• Xilinx Vivado (Zynq): 72 LUTs (64 LUTRAM) + 39 FFs
    • Intel Quartus II (Cyclone V): 20 ALMs + 1 BRAM
    • Lattice IceCube2 (iCE40): 42 FFs + 1 BRAM + 56 FFs

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      Controlling the RAM usage with synthesis attributes

      The synthesis tools will try to use the FPGA primitives that give the highest device utilization. The cheapest resource is BRAM, then comes distributed RAM or LUTRAM, and finally, FFs which are the most valuable.

      But you can override the automatic choice by using a synthesis attribute, also known as a pragma or compiler directive. The different FPGA vendors have their own sets of VHDL attributes. To specify a desired primitive type, you define the attribute in the architecture region of the VHDL file, referencing your shift register array or vector by name.

      Xilinx Vivado

      The Xilinx UG901 user guide lists all synthesis attributes that are recognized by Vivado. The shreg_extract attribute and the srl_style attribute are the ones that control shift register synthesis.

      Setting the shreg_extract attribute to "no" disables all shift register optimization. This setting acts like a master switch, overriding other SRL synthesis settings. You can also assign "yes" to shreg_extract, but this is the default setting anyway.

      attribute shreg_extract : string;
      -- attribute shreg_extract of sr : signal is "yes";
      attribute shreg_extract of sr : signal is "no";
      

      Remember to replace sr with the name of your shift register signal.

      The next attribute of interest is srl_style. It’s a request to the synthesis tool to implement the shift register in a specific type of primitive. Note that this is not a magic pill. For example, you can’t force the synthesis tool to implement the shift register in block RAM when you insist on having reset values. It’s not possible.

      attribute srl_style : string;
      --attribute srl_style of sr : signal is "register";
      --attribute srl_style of sr : signal is "srl";
      --attribute srl_style of sr : signal is "srl_reg";
      --attribute srl_style of sr : signal is "reg_srl_reg";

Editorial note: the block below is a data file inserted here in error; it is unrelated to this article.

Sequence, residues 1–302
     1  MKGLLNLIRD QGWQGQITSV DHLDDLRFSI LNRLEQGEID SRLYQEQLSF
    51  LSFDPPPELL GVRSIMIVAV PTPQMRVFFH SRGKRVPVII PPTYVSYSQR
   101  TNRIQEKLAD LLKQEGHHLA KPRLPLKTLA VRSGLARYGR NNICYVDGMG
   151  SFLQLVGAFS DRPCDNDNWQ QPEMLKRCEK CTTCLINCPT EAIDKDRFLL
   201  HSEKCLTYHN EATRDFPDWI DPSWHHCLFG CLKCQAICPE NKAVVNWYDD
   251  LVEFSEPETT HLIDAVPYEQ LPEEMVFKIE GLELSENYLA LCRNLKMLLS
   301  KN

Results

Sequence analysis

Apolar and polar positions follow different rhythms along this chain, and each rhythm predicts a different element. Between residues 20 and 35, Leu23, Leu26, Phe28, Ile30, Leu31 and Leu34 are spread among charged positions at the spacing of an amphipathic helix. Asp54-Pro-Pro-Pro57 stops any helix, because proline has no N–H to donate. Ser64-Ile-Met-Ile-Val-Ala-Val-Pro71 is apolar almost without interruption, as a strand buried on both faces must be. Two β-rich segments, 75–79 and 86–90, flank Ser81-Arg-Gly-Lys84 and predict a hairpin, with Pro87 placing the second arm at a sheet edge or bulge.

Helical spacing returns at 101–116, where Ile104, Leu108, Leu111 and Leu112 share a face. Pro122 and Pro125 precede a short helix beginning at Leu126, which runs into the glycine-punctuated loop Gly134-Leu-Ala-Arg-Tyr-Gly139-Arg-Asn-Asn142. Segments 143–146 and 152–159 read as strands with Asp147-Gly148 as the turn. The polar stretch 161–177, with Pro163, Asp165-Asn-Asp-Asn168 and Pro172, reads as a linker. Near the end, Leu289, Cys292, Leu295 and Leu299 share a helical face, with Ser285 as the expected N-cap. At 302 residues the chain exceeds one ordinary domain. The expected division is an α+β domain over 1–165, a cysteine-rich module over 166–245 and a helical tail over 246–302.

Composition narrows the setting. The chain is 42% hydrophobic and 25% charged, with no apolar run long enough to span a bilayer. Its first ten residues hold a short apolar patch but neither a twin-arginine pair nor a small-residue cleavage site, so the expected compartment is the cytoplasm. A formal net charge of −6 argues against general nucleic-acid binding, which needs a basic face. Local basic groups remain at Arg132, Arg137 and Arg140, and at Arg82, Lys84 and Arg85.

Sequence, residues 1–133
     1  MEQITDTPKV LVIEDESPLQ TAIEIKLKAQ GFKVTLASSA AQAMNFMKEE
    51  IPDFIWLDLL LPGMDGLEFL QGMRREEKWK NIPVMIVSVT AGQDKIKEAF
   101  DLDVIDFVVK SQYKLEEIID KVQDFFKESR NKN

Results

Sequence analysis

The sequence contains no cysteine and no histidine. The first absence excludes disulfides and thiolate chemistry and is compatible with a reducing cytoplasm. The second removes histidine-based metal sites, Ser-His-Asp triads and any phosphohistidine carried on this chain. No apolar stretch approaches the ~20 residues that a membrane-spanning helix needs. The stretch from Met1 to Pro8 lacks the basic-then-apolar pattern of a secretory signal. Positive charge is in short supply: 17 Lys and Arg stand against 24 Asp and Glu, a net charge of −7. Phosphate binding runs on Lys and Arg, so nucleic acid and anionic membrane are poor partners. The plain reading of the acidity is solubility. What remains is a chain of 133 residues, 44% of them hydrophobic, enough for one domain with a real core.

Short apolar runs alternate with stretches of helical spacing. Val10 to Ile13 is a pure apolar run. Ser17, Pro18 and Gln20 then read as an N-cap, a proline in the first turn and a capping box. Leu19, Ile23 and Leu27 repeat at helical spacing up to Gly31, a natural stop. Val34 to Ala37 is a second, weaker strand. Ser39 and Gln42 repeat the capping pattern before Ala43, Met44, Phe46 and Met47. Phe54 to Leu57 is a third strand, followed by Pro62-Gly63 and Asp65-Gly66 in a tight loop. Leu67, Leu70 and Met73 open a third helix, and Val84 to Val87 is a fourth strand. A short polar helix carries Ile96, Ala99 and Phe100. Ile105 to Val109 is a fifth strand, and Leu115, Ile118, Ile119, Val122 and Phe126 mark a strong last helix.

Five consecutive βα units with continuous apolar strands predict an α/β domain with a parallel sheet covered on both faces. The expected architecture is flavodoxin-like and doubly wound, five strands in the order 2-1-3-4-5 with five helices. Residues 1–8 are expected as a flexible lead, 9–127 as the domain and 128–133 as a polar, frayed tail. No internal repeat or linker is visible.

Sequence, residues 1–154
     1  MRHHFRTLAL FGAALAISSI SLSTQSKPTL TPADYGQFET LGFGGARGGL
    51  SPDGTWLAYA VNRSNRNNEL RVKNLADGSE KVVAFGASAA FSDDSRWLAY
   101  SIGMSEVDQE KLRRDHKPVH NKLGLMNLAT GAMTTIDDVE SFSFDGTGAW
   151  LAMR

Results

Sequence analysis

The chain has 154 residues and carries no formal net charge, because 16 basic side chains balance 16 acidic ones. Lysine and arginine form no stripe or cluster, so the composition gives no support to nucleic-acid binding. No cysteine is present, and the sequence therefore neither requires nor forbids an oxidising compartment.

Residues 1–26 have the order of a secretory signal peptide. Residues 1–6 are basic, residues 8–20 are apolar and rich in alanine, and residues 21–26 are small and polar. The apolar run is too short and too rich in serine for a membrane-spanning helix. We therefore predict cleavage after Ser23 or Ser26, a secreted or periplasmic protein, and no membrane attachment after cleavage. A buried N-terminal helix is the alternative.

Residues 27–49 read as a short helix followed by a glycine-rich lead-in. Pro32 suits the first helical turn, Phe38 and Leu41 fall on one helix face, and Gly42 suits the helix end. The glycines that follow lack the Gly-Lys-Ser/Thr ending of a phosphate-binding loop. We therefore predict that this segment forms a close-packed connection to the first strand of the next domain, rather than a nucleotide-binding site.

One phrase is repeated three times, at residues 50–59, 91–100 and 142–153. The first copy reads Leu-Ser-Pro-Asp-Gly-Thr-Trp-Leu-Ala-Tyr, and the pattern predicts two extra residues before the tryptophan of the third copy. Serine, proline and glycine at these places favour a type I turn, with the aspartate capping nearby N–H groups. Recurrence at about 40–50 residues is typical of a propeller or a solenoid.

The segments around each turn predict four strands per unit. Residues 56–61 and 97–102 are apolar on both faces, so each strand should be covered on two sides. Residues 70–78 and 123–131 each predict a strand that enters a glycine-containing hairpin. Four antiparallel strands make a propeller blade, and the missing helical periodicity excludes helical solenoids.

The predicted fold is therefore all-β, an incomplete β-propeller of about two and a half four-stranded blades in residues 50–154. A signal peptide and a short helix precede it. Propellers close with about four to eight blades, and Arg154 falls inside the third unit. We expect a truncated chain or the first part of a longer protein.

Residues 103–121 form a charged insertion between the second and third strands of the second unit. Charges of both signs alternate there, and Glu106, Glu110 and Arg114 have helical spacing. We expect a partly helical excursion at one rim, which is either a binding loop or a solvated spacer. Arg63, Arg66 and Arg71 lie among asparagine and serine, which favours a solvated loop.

attribute srl_style of sr : signal is "block";
      

      The possible values are:

      • register: Only use registers (aka flip-flops)
      • srl: Use only SRL structures
      • srl_reg: Use an SRL structure with one trailing register
      • reg_srl: Use an SRL structure with one preceding register
      • reg_srl_reg: SRL structure with preceding and trailing registers
      • block: Use block RAM

      Intel Quartus II

      Shift register optimization in Intel FPGAs can be turned on or off by setting one of the following synthesis attributes. The default value is auto.

      attribute altera_attribute : string;
      -- attribute altera_attribute of sr :
      --   signal is "-name AUTO_SHIFT_REGISTER_RECOGNITION always";
      -- attribute altera_attribute of sr :
      --   signal is "-name AUTO_SHIFT_REGISTER_RECOGNITION off";
      attribute altera_attribute of sr :
        signal is "-name AUTO_SHIFT_REGISTER_RECOGNITION auto";
      

      Refer to the Quartus Prime Settings File Reference Manual for a more detailed explanation of this and other synthesis attributes.

      Lattice iCEcube2 / Synplify Pro

      Lattice iCECube2 uses Synopsis Synplify Pro as its synthesis engine. Therefore, these attributes will also work with other vendors that use Synplify Pro too.

      attribute syn_srlstyle : string;
      -- attribute syn_srlstyle of sr : signal is "registers";
      -- attribute syn_srlstyle of sr : signal is "distributed";
      attribute syn_srlstyle of sr : signal is "block_ram";
      

      The attribute lets you select between block RAM, registers, and distributed RAM (if available on the chip).

      Final remarks

      Shift registers are convenient for implementing small FIFOs, among other things. However, when creating large FIFOs, you should consider using a different data structure like a ring buffer or an AXI FIFO, which is more suitable for block RAM.

      I should add that it’s difficult to compare resource usage between vendors. The architecture is different, LUTs have different sizes, and the reports from the place and route (PAR) tools come in various formats.

      You need to take into consideration the target architecture when creating a shift register. That’s what you should take away from this article, not that one FPGA is better than the other.